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What do I do when my 9 yr.old son tells me to shut up, stomps, slams doors and kicks and punches the walls?

Everytime I ask my 9 yr. old to do his homework clean his room or go to bed, He yells stomps and punches the wall! There are times he falls on the floor kicking and screaming! He has even hit himself in the face!

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ke_smith2008

Asked by ke_smith2008 at 1:31 PM on Jan. 13, 2009 in Tweens (9-12)

Level 1 (0 Credits)
Answers (18)
  • YOU MUST HAVE ALLOWED SUCH DISRESPECT BEFORE THIS, OR ELSE HE WOULDN'T BE DOING IT NOW. YOU ARE THE PARENT, SET YOUR RULES AND REGULATIONS AND STICK TO THEM. IF HE DOESN'T COMPLY TAKE WAY THINGS HE LIKES, GROUND HIM FROM SEEING FRIENDS, DO ANYTHING YOU NEED TO DO TO SHOW HIM YOU ARE THE BOSS.

    IF ALL OF THIS FAILS THEN MAYBE SOME ANGER MANAGEMENT CLASSES, OR SOME COUNSELING MIGHT HELP. IF YOU DON'T DO ANYTHING ABOUT IT NOW, HE WILL HIT YOU BY THE TIME HE REACHES PUBERTY.
    older

    Answer by older at 1:41 PM on Jan. 13, 2009

  • wow...I don't know...maybe its just a rebellion phase. Is he getting adequate sleep exercise etc? That can really effect a young boy.  Or is he overwhelmed with school an activities or something major change in the famly.  If something like that happened all you can really do is tell him when he's calm that you're there for him and you are willing to talk and listen to him only when he's not going to act violent.  Just keep to your guns and not let him have rewards of any kind for acting that way.  GL to you.

    Anonymous

    Answer by Anonymous at 1:41 PM on Jan. 13, 2009

  • It sounds like to me that he has an anger problem...
    Maybe taking him to talk to someone would benefit.
    I would not tolerate the shut up crap in the meantime.
    Dannee

    Answer by Dannee at 1:42 PM on Jan. 13, 2009

  • My childrens counselor has us make the kids write out sentences. We do not believe in spanking our children at this age. We also take one thing away for each incident. ONE BY ONE
    angelwings63050

    Answer by angelwings63050 at 1:42 PM on Jan. 13, 2009

  • Consistency is key. Develop a plan of action and stick to it. He needs help developing coping skills to deal with what he does not agree with. Develop a strict routine, homework at a certain time, room cleaned on a certain day, bedtime at the same time every night, etc. Do not deviate from the routine. The consistency should help to lessen his reaction after a while. As for the yelling, simply tell him," I understand that you are angry and I will be happy to talk with you about it as soon as you can use your words and talk with me calmly"....then walk away and let him have his fit. Anything he breaks or disrupts with this behavior should be corrected when he's calm. Attention often fuels negative behavior. Also make sure that you strongly praise anytime that he does as directed without getting into a confrontation with you. Good luck and stay strong.
    Kimebs

    Answer by Kimebs at 1:49 PM on Jan. 13, 2009

  • First of all, stop ASKING him to do anything. TELL him to do it. If he chooses not to follow your directions, then punishment should ensue. He would not be behaving in this manner if you hadn't of allowed it in the past. Now is the time to correct this...he is still young. Age appropriate punishments could include, but are not limited to: no TV time, no video games, no going and playing with friends, even at this age you can ground them. Enforce that all homework and chores be done when he comes home from school and before he can do anything extracurricular. Don't allow this foul behavior in your home. You need to be the parent.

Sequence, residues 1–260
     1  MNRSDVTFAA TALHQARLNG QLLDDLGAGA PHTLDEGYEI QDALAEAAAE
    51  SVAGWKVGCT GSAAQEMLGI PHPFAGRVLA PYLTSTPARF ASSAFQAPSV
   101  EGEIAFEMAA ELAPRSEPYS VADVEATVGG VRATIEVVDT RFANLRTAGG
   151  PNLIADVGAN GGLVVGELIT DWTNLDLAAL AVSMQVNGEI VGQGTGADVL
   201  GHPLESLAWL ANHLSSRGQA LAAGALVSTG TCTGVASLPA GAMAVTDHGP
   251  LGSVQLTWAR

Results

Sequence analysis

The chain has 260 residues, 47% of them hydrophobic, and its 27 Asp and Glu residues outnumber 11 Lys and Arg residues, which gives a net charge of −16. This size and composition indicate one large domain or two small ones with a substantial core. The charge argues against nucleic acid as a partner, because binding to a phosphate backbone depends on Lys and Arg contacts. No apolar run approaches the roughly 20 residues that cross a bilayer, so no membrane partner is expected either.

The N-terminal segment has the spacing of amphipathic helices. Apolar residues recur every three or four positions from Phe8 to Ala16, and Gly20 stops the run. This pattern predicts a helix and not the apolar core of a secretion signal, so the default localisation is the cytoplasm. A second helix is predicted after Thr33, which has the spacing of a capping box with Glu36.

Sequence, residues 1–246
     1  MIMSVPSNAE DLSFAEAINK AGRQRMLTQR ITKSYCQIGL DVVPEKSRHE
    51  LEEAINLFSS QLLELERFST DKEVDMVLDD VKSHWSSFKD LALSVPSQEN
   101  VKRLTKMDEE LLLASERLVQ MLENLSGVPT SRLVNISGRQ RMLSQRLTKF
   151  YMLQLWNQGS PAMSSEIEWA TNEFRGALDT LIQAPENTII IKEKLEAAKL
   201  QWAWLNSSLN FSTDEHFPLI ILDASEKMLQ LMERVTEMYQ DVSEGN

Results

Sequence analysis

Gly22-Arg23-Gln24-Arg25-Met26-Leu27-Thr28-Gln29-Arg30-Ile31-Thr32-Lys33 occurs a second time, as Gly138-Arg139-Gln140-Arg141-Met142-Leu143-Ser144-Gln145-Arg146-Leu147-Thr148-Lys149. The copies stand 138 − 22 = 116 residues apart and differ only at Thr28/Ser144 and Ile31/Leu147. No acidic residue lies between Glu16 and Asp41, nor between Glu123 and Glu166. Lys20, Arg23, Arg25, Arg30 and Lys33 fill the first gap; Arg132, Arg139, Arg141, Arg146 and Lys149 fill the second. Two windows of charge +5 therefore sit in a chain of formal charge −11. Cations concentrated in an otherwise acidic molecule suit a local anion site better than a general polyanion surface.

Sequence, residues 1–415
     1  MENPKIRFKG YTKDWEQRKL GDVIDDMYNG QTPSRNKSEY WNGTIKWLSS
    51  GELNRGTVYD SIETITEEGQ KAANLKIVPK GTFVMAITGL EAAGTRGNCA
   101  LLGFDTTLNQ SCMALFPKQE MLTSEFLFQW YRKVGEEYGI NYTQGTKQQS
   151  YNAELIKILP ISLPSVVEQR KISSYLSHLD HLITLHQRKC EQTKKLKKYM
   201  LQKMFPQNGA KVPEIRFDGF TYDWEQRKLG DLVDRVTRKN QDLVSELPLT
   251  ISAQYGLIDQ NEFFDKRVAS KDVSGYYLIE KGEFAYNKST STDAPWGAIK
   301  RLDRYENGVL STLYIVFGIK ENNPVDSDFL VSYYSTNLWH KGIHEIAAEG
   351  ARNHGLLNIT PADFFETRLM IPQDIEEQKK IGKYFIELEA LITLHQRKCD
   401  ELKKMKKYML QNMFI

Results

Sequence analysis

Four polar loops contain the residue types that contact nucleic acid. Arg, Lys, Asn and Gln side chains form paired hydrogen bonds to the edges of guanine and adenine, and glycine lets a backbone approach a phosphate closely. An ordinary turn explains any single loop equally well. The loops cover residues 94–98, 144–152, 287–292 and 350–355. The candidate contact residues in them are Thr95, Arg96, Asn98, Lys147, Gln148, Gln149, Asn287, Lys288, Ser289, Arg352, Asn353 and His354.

Anonymous

    Answer by Anonymous at 1:50 PM on Jan. 13, 2009

  • I think I'd start with a hug. I've learned that many kids now are over stimulated from video games and tv just before bed to be able to wind down and go to bed. My dd saw a counselor for her boys having the same problem. They said to make it a process. Turn the video games /tv off 2 hours before bedtime for his age group. Sit down with him and help him begin his homework. After homework begin the process of bathing and getting ready for bed. A warm bath will help calm him down. Spend the remaining time talking with him and seeing how his day went and if life is throwing anything rough at him (give him undivided attention is the point). Try having him read to you or you read to him. I know it sounds like a lot but after a while it will just flow and it will be easier on you and your nerves!
    admckenzie

    Answer by admckenzie at 3:40 PM on Jan. 13, 2009

  • What is your response when he behaves this way? Do you let it go or do you discipline him for it? The FIRST time, I would have talked to him to find out what was wrong and if there was anything deeper going on. Regardless of his response it would have been explained that this was not an appropriate way to express his anger or frustration and that if he ever behaved this way again. consequences would occur. This should not be a threat, but a promise.
    If there are deeper issues at hand such as problems in the family, any recent traumatic changes or events in his life, or anything that may be the cause of these behaviors other than just disrespect and immaturity - get him some help.
    If this is due to just disrespect, him "trying you" or immaturity - develop and implement a behavior plan at home immediately and enforce it consistently.
    tsd

    Answer by tsd at 3:57 PM on Jan. 13, 2009

  • Good God, I wonder what I have to look forward too? Because my 3 yr old already does things things! Thanks to his older brothers who are 15 and 13 yrs old.
    princess49615

    Answer by princess49615 at 4:17 PM on Jan. 13, 2009

  • oops, I meant these things.
    princess49615

    Answer by princess49615 at 4:18 PM on Jan. 13, 2009

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